Research Topic

Small RNAs as a Diverse Toolkit of Bacteria

About this Research Topic

Bacteria use a diverse set of small regulatory RNAs (sRNAs) to coordinate physiological processes in multiple ways. Although the spectrum of regulatory RNAs differs from that of higher organisms, basic principles are shared. For instance, bacterial CRISPR-cas systems use complexes of guide crRNAs and ...

Bacteria use a diverse set of small regulatory RNAs (sRNAs) to coordinate physiological processes in multiple ways. Although the spectrum of regulatory RNAs differs from that of higher organisms, basic principles are shared. For instance, bacterial CRISPR-cas systems use complexes of guide crRNAs and endonucleases for destroying alien genetic material in a manner similar to short RNA-mediated interference in eukaryotes. Several types of sRNAs originally discovered in eukaryotes, including circular (circRNAs) and extracellular (exRNAs) RNA fragments, were subsequently found in bacteria. Their functionality is now becoming an emerging area of research. Most well characterized sRNAs are encoded by their own genes. However, recently the regulatory role for fragments of tRNAs (tRFs) and 3’-UTRs of some mRNAs was also discovered. Of these, tRFs can act as signaling molecules establishing inter-kingdom communications in microbiomes. Their precursors, therefore, were evolutionarily selected to participate in completely different cellular processes. Another type of dual functionality is evident for intergenic or antisense-encoded sRNAs carrying translated open reading frames. Thus, being multifunctional in their ability to interact with various proteins and partially complementary nucleic acids, some sRNAs can also supply cells with peptides, which complicates the regulation of their own expression.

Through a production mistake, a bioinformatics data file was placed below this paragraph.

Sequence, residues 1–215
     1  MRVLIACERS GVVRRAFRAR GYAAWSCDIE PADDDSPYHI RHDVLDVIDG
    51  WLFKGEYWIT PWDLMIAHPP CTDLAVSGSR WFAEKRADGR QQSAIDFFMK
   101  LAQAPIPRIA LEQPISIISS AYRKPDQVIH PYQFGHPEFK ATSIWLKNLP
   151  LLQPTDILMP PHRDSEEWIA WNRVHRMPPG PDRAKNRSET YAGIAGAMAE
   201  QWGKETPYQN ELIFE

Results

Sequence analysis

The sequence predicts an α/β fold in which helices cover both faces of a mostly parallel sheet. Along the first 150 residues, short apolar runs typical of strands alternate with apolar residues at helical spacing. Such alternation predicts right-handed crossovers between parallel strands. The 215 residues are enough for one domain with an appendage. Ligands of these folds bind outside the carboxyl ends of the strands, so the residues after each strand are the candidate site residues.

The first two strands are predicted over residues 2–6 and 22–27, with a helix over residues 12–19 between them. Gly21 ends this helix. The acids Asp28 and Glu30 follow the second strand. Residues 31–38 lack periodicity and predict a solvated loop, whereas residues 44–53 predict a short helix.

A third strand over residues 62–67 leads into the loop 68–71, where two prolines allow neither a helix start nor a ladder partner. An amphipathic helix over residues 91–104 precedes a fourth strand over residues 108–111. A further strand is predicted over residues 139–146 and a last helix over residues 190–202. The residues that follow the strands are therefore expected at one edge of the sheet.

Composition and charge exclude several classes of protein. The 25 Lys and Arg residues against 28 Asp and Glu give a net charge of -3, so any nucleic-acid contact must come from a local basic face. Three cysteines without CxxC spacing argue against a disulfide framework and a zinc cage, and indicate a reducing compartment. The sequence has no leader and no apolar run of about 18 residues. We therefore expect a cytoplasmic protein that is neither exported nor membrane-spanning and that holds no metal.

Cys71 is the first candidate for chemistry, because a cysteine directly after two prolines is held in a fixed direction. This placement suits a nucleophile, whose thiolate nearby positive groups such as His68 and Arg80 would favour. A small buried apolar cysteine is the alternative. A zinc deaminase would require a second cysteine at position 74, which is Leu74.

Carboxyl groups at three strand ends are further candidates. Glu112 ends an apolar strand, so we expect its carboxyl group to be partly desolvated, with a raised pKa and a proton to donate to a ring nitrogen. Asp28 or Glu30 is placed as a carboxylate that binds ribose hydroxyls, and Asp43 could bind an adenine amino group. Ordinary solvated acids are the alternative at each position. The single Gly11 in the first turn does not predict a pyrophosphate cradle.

The goal of this Research Topic is to collect cutting-edge studies in exploring sRNA-mediated regulatory pathways or other sRNA-functionalities operating inside bacterial cells and beyond their boundaries.

We propose to focus on bacteria as biological models whose importance and prevalence now is coming to full appreciation. We welcome Reviews, Mini Reviews and other types of papers setting forth fundamental conclusions on the complexity of the sRNAs toolbox in bacteria for regulatory and other purposes, highlighting problems and formulating new ideas. Topics covered may include, but are not limited to:

• sRNAs regulatory networks: how large and cross-talking are they?
• microRNA-size transcripts in bacteria and bacterial homologs of Ago proteins: are they components of RNA-interference?
• cis-encoded antisense RNAs: have they evolved to regulate a single target RNA?
• sRNAs encoding peptides (dual-functioning RNAs): what is the degree of prevalence and how are the two functions are balanced?
• CRISPR-cas systems: how do bacteria avoid “immunization” against their own genomes?
• Extracellular RNAs: what can they do outside the cells?
• tRFs, fragments of UTRs and circRNAs in bacteria: “Every little piece counts”?
• Other emerging topics on sRNAs research, e.g., chimeric RNAs, novel classes of sRNAs and RNA-binding proteins, etc.


Keywords: Bacterial sRNAs, sRNA Processing and Function, sRNA-Mediated Intracellular Regulatory Pathways, sRNAs for Intercellular Communication, Coding sRNAs


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Submission Deadlines

20 January 2020 Manuscript

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Manuscripts can be submitted to this Research Topic via the following journals:

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Topic Editors

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Submission Deadlines

20 January 2020 Manuscript

Participating Journals

Manuscripts can be submitted to this Research Topic via the following journals:

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